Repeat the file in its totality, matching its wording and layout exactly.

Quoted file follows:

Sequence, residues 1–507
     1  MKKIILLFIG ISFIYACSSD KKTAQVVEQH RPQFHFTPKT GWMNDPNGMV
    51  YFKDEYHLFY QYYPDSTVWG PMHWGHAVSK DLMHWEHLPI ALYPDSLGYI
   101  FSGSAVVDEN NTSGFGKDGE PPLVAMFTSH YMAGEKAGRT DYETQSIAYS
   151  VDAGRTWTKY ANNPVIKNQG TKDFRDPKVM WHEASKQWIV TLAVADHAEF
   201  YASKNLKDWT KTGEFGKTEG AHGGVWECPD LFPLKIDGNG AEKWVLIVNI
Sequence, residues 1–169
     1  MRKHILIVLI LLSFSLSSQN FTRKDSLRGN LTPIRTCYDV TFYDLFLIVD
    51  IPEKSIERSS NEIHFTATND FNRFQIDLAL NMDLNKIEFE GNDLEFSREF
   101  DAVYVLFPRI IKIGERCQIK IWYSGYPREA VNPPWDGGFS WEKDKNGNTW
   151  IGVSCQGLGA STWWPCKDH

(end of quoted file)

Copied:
Sequence, residues 1–507
     1  MKKIILLFIG ISFIYACSSD KKTAQVVEQH RPQFHFTPKT GWMNDPNGMV
    51  YFKDEYHLFY QYYPDSTVWG PMHWGHAVSK DLMHWEHLPI ALYPDSLGYI
   101  FSGSAVVDEN NTSGFGKDGE PPLVAMFTSH YMAGEKAGRT DYETQSIAYS
   151  VDAGRTWTKY ANNPVIKNQG TKDFRDPKVM WHEASKQWIV TLAVADHAEF
   201  YASKNLKDWT KTGEFGKTEG AHGGVWECPD LFPLKIDGNG AEKWVLIVNI
Sequence, residues 1–169
     1  MRKHILIVLI LLSFSLSSQN FTRKDSLRGN LTPIRTCYDV TFYDLFLIVD
    51  IPEKSIERSS NEIHFTATND FNRFQIDLAL NMDLNKIEFE GNDLEFSREF
   101  DAVYVLFPRI IKIGERCQIK IWYSGYPREA VNPPWDGGFS WEKDKNGNTW
   151  IGVSCQGLGA STWWPCKDH